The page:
Monoamine oxidase (MAO) is an enzyme located on the outer mitochondrial membrane that metabolizes amine substrates like serotonin, norepinephrine and dopamine. MAO inhibitors (MAOIs) are frequently utilized to treat disorders such as major depression or Parkinson's disease (PD), though their effects on brain mitochondrial bioenergetics are unclear. These studies measured bioenergetic activity in mitochondria isolated from the mouse cortex in the presence of inhibitors of either MAO-A, MAO-B, or both isoforms. We found that only 10 μM clorgyline, the selective inhibitor of MAO-A and not MAO-B, increased mitochondrial oxygen consumption rate in State V(CI) respiration compared to vehicle treatment. We then assessed mitochondrial bioenergetics, reactive oxygen species (ROS) production, and Electron Transport Chain (ETC) complex function in the presence of 0, 5, 10, 20, 40, or 80 μM of clorgyline to determine if this change was dose-dependent. The results showed increased oxygen consumption rates across the majority of respiration states in mitochondria treated with 5, 10, or 20 μM with significant bioenergetic inhibition at 80 μM clorgyline. Next, we assessed mitochondrial ROS production in the presence of the same concentrations of clorgyline in two different states: high mitochondrial membrane potential (ΔΨm) induced by oligomycin and low ΔΨm induced by carbonyl cyanide 4-(trifluoromethoxy)phenylhydrazone (FCCP). There were no changes in ROS production in the presence of 5, 10, 20, or 40 μM clorgyline compared to vehicle after the addition of oligomycin or FCCP. There was a significant increase in mitochondrial ROS in the presence of 80 μM clorgyline after FCCP addition, as well as reduced Complex I and Complex II activities, which are consistent with inhibition of bioenergetics seen at this dose. There were no changes in Complex I, II, or IV activities in mitochondria treated with low doses of clorgyline. These studies shed light on the direct effect of MAO-A inhibition on brain mitochondrial bioenergetic function, which may be a beneficial outcome for those taking these medications.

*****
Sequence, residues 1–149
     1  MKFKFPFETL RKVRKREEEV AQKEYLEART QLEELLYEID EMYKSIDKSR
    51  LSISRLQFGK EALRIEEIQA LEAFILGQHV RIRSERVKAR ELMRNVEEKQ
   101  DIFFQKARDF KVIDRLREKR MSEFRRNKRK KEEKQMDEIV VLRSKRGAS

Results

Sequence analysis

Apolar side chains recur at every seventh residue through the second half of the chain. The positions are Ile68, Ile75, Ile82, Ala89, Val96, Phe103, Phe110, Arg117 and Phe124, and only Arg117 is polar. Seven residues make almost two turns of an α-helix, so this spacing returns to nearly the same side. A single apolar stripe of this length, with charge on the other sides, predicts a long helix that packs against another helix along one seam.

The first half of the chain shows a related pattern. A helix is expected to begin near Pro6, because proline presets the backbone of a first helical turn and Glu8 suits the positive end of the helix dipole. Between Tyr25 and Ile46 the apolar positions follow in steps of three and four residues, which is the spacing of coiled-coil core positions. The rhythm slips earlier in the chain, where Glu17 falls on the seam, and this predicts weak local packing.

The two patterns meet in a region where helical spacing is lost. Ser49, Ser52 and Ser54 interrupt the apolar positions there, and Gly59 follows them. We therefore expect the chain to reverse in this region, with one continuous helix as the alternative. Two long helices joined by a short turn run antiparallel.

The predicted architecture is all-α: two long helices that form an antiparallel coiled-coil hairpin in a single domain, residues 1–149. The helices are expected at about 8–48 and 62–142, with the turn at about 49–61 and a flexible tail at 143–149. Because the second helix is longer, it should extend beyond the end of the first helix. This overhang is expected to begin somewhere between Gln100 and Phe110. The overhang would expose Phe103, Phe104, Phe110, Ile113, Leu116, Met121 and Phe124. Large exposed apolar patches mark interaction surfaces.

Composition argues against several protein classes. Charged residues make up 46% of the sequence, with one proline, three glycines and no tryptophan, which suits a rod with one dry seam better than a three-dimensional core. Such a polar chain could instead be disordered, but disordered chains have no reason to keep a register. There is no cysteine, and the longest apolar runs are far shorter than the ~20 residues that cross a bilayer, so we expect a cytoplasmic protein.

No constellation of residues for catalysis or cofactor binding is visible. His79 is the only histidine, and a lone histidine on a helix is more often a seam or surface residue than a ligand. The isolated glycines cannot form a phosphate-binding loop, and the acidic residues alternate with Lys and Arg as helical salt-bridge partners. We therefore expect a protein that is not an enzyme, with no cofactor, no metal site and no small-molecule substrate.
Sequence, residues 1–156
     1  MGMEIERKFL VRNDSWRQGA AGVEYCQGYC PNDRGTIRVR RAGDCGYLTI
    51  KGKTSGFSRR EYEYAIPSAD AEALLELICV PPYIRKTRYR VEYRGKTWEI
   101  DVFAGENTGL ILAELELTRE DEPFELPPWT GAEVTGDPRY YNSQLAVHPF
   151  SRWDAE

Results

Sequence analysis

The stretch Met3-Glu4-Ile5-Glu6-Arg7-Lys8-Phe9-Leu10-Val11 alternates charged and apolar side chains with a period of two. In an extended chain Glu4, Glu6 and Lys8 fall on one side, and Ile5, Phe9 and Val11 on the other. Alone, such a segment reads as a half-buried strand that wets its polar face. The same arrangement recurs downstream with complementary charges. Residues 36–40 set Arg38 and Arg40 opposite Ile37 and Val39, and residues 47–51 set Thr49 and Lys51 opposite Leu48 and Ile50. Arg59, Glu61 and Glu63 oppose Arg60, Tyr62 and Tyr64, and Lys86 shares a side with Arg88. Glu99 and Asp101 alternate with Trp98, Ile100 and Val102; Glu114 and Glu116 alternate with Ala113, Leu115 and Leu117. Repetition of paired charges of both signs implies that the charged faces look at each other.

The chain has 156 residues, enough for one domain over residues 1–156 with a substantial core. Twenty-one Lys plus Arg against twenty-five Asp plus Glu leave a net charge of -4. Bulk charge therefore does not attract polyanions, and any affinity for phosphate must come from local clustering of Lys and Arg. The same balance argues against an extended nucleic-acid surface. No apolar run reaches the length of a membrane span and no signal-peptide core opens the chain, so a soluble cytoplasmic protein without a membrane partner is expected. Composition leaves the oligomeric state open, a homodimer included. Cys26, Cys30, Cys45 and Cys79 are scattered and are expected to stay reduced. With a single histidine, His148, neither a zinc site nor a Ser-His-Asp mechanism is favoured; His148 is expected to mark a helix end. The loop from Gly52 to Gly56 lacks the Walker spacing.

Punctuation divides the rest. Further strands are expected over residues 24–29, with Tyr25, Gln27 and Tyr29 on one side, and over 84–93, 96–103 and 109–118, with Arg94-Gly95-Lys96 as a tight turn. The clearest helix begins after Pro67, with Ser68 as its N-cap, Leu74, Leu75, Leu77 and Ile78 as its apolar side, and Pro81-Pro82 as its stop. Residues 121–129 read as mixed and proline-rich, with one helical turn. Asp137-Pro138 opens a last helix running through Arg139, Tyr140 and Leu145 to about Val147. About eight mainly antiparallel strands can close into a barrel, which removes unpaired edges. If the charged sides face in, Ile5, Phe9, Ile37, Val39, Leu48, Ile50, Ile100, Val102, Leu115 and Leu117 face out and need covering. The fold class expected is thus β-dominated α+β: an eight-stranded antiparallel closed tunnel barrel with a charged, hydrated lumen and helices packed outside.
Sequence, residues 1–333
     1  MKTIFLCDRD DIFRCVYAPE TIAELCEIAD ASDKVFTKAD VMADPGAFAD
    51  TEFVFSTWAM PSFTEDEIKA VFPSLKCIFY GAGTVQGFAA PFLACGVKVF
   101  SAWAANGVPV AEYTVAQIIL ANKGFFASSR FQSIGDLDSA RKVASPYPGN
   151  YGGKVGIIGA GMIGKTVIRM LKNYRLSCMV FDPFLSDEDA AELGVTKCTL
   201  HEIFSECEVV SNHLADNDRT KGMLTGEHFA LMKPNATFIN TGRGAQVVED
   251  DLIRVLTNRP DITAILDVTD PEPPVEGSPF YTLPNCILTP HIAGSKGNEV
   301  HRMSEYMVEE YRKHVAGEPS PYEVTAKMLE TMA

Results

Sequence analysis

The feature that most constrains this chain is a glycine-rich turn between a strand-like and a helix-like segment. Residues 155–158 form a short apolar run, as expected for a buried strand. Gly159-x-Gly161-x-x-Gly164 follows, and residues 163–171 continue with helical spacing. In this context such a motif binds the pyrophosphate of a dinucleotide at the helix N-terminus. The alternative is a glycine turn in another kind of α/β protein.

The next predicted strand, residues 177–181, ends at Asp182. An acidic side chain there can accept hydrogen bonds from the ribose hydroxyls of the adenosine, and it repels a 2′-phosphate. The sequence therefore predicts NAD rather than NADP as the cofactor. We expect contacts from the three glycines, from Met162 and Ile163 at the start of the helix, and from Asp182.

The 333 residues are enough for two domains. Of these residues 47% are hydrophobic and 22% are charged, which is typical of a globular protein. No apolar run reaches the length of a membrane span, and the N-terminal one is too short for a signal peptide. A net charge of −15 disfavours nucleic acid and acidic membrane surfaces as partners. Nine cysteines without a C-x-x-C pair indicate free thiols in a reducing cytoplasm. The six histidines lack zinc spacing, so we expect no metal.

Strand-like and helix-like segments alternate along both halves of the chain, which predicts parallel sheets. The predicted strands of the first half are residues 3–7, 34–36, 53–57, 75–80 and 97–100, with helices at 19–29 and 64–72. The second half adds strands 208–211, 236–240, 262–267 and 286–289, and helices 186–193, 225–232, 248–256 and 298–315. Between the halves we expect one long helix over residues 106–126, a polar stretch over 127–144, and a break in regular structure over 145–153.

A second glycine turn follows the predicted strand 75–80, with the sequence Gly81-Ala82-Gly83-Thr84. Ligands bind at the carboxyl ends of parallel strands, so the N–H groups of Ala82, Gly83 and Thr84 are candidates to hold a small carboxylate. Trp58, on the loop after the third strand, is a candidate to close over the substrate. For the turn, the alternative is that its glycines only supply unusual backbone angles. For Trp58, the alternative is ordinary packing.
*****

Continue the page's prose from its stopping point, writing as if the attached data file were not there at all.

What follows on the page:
|State||Published - May 2023|
Bibliographical noteFunding Information:
The authors would like to thank Jozsef Gal, PhD for his intellectual contributions during the execution of Western Blotting. OJK received support from the “ Neurobiology of CNS Injury & Repair ” Training Grant ( 5 T32 NS077889 ). GAG received support from the Charles D. Lucas, Jr. Professorship for Parkinson's Disease Research. PGS received support from the Kentucky Spinal Cord and Head Injury Research Trust (KSCHIRT) # 20-7A and KSCHIRT Chair #3.
© 2023 Elsevier Inc.
- Reactive oxygen species
ASJC Scopus subject areas
- Developmental Neuroscience